Today most Americans are enjoying a day off with pay while lamenting the end of the ‘lazy’ days of Summer. However, for 1 out of every 4 workers today is like any other day, ‘hustling backward’ working HARD and struggling to make ends meet. Living paycheck to paycheck is not a new phenomenon, but the number of working poor Americans is on the rise, despite years of economic prosperity. Let’s look at the data that explain why Labor Day is not necessarily a celebration for most workers.

The United States Bureau of Labor Statistics says there are about 9.5 million working poor people in America. ‘Working poor’ is defined as spending 27 weeks or more in a year working or looking for work but having income below the poverty level.

Who Are the Working Poor in the United States?

  • 7% Black, 11.7% Hispanic/Latino, 5.5% White, 4.3% Asian
  • 2% women, 5.5% men
  • 3% with less than a high school diploma
  • 3% high school graduates with no college education
  • 2% with a bachelor’s degree or higher

In 2018, the Federal poverty guidelines say the following income levels meet the definition of ‘living in poverty.’

  • $12,140 for a single person
  • $16,460 for a 2-person household
  • $20,780 for a 3-person household
  • $25, 100 for a 4-person household
  • $29,420 for a 5-person household

You don’t even have to do the math to know that these annual ‘incomes’ are far from adequate. Imagine trying to live on ≈$1,011/month as a single person or ≈$1,731 as a single mother with 2 children. It just doesn’t add up and means a life of struggle and hardship.

When you peel back the onion, the data for women of color is downright shameful and not what you would expect in a first world nation like the United States. Women of color face higher rates of poverty and receive lower wages for their work than their white peers. And because women are the primary or sole breadwinners for nearly half of all households of color, these disparities do not just affect them, but their families and communities as well.

From the National Women’s Law Center we know that African-American and Latina women comprise nearly half of the women in the low-wage workforce.

    • Latinas make up 15 percent of women in the overall workforce but 24 percent of women in the low-wage workforce and 20 percent of women in the lowest-wage jobs.
    • Black women make up 13 percent of women in the overall workforce but 18 percent of women in the low-wage workforce and 16 percent of women in the lowest-wage jobs.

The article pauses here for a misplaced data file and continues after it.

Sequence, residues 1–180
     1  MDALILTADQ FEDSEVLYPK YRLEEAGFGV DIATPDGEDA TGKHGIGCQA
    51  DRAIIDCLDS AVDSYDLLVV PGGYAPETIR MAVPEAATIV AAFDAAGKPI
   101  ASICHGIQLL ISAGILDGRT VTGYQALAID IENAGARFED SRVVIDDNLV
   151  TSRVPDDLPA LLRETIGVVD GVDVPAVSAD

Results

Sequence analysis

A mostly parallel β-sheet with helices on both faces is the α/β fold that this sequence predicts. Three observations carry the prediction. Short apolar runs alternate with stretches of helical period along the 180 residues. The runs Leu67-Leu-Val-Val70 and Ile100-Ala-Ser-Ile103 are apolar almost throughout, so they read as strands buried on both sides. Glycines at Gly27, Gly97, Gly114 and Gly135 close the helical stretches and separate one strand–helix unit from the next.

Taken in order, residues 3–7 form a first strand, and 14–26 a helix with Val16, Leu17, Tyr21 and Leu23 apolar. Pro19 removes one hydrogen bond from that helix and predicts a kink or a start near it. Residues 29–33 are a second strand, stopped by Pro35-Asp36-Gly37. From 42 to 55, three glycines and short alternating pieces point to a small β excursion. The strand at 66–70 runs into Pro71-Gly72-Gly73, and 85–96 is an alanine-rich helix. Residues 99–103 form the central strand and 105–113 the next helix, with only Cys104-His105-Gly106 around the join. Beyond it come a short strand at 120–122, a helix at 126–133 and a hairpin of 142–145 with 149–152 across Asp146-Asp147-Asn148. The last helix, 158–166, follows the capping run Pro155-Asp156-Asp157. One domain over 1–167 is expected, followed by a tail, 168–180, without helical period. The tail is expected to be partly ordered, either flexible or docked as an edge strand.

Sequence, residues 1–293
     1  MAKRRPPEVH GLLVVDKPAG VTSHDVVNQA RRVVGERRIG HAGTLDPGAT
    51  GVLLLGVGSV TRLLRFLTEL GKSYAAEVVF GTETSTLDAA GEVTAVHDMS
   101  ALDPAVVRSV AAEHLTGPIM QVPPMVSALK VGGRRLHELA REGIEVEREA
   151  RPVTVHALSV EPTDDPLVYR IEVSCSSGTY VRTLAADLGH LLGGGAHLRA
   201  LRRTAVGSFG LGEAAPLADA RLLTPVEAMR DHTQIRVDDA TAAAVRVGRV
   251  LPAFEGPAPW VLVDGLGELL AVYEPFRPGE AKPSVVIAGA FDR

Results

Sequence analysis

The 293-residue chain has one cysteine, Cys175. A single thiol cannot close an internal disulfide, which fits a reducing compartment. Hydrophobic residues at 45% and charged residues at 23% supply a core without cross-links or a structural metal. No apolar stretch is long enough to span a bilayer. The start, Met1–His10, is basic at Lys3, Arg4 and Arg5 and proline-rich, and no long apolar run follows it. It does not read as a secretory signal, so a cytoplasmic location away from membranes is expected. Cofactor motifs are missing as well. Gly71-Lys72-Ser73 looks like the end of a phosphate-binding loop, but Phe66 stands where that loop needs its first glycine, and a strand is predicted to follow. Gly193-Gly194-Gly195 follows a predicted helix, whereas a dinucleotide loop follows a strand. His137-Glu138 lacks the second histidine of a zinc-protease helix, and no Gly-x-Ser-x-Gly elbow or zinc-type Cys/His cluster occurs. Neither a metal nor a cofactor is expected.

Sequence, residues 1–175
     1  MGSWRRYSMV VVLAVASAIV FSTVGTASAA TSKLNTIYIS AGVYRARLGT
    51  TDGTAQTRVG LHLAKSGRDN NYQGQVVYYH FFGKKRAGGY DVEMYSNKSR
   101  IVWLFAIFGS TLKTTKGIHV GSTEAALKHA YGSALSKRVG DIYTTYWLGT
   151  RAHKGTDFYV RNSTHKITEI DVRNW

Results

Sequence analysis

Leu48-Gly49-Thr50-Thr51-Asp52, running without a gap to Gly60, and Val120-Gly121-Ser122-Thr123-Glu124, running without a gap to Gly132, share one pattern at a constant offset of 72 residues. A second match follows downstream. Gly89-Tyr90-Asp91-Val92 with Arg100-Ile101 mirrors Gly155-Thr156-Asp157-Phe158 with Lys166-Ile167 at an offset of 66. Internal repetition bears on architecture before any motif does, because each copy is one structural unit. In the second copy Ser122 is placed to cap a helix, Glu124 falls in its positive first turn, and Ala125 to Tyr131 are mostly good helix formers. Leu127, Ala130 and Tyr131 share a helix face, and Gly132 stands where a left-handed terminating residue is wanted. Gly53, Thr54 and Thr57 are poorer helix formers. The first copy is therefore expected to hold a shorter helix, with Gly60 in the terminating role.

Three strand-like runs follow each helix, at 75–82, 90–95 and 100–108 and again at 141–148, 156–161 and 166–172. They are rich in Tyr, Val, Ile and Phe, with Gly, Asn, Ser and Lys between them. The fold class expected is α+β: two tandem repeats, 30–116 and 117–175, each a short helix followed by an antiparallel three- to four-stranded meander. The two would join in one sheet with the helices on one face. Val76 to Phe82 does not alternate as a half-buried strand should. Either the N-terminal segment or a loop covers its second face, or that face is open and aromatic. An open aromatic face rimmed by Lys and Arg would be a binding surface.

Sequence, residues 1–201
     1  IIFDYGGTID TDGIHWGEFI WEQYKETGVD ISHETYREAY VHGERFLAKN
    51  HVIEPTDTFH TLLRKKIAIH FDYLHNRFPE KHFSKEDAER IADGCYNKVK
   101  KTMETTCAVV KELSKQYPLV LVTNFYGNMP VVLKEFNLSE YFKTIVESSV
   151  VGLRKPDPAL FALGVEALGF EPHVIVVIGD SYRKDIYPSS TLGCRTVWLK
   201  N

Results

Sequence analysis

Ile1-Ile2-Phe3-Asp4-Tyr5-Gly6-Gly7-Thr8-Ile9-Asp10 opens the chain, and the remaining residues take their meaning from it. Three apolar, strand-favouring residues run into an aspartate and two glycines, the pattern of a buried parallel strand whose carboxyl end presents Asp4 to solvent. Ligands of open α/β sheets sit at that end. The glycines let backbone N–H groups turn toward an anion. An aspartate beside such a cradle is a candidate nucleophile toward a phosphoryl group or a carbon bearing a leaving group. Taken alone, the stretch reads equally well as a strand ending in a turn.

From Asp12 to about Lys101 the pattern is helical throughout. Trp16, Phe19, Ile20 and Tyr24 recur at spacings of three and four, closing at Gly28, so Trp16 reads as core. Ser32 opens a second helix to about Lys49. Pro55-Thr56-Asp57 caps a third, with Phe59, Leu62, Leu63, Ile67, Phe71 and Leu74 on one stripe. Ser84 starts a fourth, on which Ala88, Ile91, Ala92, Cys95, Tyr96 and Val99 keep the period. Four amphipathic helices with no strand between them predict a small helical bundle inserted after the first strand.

National Women’s Law Center: Women in Low-Wage Jobs May Not Be Who You Expect

Women of color toil away in low-wage work even when they have the educational qualifications for higher wage work. The National Center for Education Statistics reports that 12.5% of Hispanic women, 11.8% of Black women, and 7% of Asian/Pacific Islander women have bachelor’s degrees. Even with a degree, women of color continue to experience wage gaps that threaten their current and future economic security. Women of color lose out on thousands of dollars of income each year compared to white men. For example, Latina women make about $26K less each year than white men which means that it would take them almost 74 years to earn as much as a white man did in 40 years. The wage gap translates to a 40-year loss of income over $1 million!

 

 

To add insult to injury, having a degree and earning less is exacerbated by student loan debt. Women of color are the most likely to struggle to repay student loans. Ask Stacey Abrams, an African-American candidate for Governor of Georgia who has been ‘debt shamed’ during her campaign. The American Association of University Women reports that 57% of black women who were repaying student loans reported that they had been unable to meet essential expenses within the past year.

AAUW: Women’s Student Debt Crisis in the United States

For today’s Mobilize Monday WE CAN wants to hear from you! Our Making Work Pay campaign has included joining the Equal Pay movement and highlighting actions you can take to support equal pay policies nationwide. WE CAN is also building partnerships to explore student loan debt reform. However, WE CAN realizes there is so much more we could do to fight for economic security for women of color.

Take 1-Question Survey TODAY!

So, today, take a few minutes and click to answer a 1 question survey!

Thank you in advance for helping to shape the WE CAN economic policy agenda!

Yours in the Struggle,

Stephanie McGencey

WE CAN Founder and President

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